Chronic low back pain may be caused by dysfunction of or disease that affects the sacroiliac joint, which is commonly referred to as the "SI joint". Sometimes pain originating at the SI joint involves the low back, pelvic area (hips), buttocks, and thighs. In some cases, the pain may be described to be sciatic-like. The incidence of pelvic pain may make a proper diagnosis elusive. Therefore, patients with chronic low back and pelvic pain may find it wise to see a physician who specializes in pain management of spinal disorders.
There are many treatment options to help manage your sacroiliac joint dysfunction, including physical therapy, pain medications, and bipolar radiofrequency neurotomy.
What is the sacroiliac joint?
The sacroiliac joint is located on either side of the sacrum, which is in the low back and the pelvic areas. The SI joints are a pair of joints that connect the sacrum to the ilium, the large pelvic bone. Unlike other joints in the body, the surfaces of the SI joint are covered in two types of cartilage; one slick and the other spongy. The movement of the SI joint is minimal and results from stretching and is sometimes described as a gliding joint unlike the knee (hinge-type motion) or hip (ball and socket) joints.
What causes the SI joint to become painful?
Similar to other joints in the body, strong ligaments made of tough bands of connective tissue hold the SI joint together. Degenerative arthritis (eg, spondylosis, rheumatoid arthritis) and injury are two common causes of SI joint dysfunction and pain. Pregnancy may be particularly taxing on the SI joints, and may put women at risk for developing SI joint problems later in life, especially if they have had multiple pregnancies.
How can Bipolar Radiofrequency Neurotomy relieve symptoms?
Bipolar Radiofrequency Neurotomy is a minimally invasive procedure that disables and prevents specific spinal nerve branches from transmitting pain signals. Bipolar radiofrequency is a modified version of a procedure termed Radiofrequency Therapy (RT), a procedure developed more than 30 years ago. Bipolar radiofrequency is still fairly new, but more pain management specialists are performing this procedure to treat painful sacroiliac joints.
Like its predecessor, bipolar radiofrequency applies a precisely targeted electrical field to create a lesion (change in the body's tissue)—in this case, in small branches of spinal nerves, rendering them incapable of transmitting pain signals. The difference with the bipolar radiofrequency is that two needles are used to guide the electrical energy in a line between the two needles. This allows the pain specialist to "mold" the location and shape of the lesion to exactly match the SI joint. The applied electrical field can then target these tiny nerves just as they enter the SI joint.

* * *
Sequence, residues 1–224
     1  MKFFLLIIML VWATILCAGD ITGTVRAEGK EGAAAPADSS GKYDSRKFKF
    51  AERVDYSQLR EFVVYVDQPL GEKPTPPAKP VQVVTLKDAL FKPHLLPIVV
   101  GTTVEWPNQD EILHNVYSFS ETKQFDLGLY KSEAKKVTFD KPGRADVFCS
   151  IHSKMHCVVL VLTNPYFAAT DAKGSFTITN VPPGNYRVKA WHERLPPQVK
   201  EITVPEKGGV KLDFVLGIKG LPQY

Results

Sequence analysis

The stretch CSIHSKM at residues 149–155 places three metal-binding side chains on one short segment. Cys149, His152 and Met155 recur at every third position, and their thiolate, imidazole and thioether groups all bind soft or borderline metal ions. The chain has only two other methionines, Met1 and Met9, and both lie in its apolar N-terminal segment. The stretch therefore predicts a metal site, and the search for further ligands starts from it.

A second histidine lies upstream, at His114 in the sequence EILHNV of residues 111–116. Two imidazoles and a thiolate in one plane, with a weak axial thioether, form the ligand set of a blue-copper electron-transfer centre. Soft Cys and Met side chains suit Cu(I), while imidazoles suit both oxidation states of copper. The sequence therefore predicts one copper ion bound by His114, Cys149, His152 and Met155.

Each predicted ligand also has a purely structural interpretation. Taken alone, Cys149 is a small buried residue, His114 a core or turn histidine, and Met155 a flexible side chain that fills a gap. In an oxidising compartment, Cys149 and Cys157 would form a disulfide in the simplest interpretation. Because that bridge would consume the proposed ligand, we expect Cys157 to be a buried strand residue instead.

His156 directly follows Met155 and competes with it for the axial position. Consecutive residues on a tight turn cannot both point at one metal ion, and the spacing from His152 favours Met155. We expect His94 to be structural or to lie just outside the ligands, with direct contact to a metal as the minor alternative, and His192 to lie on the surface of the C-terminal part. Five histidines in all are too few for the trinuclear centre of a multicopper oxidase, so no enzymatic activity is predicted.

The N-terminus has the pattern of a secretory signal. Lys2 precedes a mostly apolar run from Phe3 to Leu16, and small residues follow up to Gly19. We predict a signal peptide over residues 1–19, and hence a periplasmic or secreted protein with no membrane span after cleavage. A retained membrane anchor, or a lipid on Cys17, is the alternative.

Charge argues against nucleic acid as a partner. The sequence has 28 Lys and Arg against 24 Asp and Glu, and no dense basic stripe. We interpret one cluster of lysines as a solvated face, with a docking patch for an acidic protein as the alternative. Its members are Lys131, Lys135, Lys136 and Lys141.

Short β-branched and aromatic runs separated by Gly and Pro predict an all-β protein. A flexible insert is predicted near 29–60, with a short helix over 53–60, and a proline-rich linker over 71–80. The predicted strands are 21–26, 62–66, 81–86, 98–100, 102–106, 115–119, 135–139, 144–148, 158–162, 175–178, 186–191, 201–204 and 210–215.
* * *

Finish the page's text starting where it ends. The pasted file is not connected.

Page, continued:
What are the possible complications with Bipolar Radiofrequency?
As with any medical procedure, there are risks and potential complications. Although complications rarely occur, patients need to know what could happen. The following list is not conclusive: bleeding, infection, nerve injury, increased pain, allergic or other reaction to medications used (eg, anesthetic).
Is the pain relief permanent?
For many patients who suffer chronic low back pain, bipolar radiofrequency of the SI joint is an effective treatment that may provide relief for months or longer. Even when the target nerves regenerate (grow back), pain relief may continue. If the patient responded well to the first bipolar radiofrequency, a second may be considered if pain resumes. Of course, each patient is unique and it must be remembered that what works well for one person, may not work well or at all for another.
How is the procedure performed?
Medicine to relax the patient is administered through an IV (intravenous line) and the patient is positioned face down on a padded x-ray table. The skin over the injection site is thoroughly cleaned and then numbed using an anesthetic. The entire procedure is performed using fluoroscopic guidance. Fluoroscopy is similar to a real-time x-ray and allows the physician to see the patient's anatomy while guiding and positioning the special radiofrequency needles.
Once the needles are positioned, the joint is numbed to minimize the patient's discomfort while the nerves are lesioned (tissue changed to disable the nerve's ability to transmit pain signals). This procedure is repeated several times along the surface of the SI joint. In most cases, the pain during the procedure is mild and patients may report a mild ache or pulsating feeling in the area during lesioning.
What should patients expect?
Like other minimally invasive outpatient procedures, some post-procedural pain or discomfort should be expected. Usually an over-the-counter non-steroidal anti-inflammatory (NSAID) is sufficient to relieve this discomfort. In some cases, post-procedural pain may increase and the physician will prescribe needed medication (eg, NSAID). The physician may recommend certain range of motion exercises to begin several days following the procedure.
In general, patients can expect a significant reduction of their preprocedural pain in one to four weeks.